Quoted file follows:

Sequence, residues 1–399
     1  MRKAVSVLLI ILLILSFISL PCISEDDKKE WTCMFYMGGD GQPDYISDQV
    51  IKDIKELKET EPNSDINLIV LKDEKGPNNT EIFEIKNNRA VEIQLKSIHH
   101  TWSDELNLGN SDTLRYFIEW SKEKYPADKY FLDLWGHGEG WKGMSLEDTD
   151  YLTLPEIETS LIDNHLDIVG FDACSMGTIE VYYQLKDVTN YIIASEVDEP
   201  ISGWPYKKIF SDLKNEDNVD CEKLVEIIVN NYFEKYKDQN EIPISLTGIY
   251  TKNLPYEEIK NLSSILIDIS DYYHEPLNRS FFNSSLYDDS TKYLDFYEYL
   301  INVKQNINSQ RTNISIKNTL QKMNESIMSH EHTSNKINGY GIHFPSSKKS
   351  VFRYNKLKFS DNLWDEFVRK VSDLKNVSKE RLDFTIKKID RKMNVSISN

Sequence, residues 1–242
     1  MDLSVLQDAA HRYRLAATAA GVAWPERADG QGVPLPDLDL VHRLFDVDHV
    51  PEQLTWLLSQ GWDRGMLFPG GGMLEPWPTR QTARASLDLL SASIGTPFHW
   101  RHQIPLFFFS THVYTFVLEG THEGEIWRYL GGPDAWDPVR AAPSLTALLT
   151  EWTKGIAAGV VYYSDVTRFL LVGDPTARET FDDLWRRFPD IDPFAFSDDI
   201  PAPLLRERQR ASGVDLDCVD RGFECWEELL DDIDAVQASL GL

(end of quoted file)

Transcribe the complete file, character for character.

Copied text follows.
Sequence, residues 1–399
     1  MRKAVSVLLI ILLILSFISL PCISEDDKKE WTCMFYMGGD GQPDYISDQV
    51  IKDIKELKET EPNSDINLIV LKDEKGPNNT EIFEIKNNRA VEIQLKSIHH
   101  TWSDELNLGN SDTLRYFIEW SKEKYPADKY FLDLWGHGEG WKGMSLEDTD
   151  YLTLPEIETS LIDNHLDIVG FDACSMGTIE VYYQLKDVTN YIIASEVDEP
   201  ISGWPYKKIF SDLKNEDNVD CEKLVEIIVN NYFEKYKDQN EIPISLTGIY
   251  TKNLPYEEIK NLSSILIDIS DYYHEPLNRS FFNSSLYDDS TKYLDFYEYL
   301  INVKQNINSQ RTNISIKNTL QKMNESIMSH EHTSNKINGY GIHFPSSKKS
   351  VFRYNKLKFS DNLWDEFVRK VSDLKNVSKE RLDFTIKKID RKMNVSISN

Sequence, residues 1–242
     1  MDLSVLQDAA HRYRLAATAA GVAWPERADG QGVPLPDLDL VHRLFDVDHV
    51  PEQLTWLLSQ GWDRGMLFPG GGMLEPWPTR QTARASLDLL SASIGTPFHW
   101  RHQIPLFFFS THVYTFVLEG THEGEIWRYL GGPDAWDPVR AAPSLTALLT
   151  EWTKGIAAGV VYYSDVTRFL LVGDPTARET FDDLWRRFPD IDPFAFSDDI
   201  PAPLLRERQR ASGVDLDCVD RGFECWEELL DDIDAVQASL GL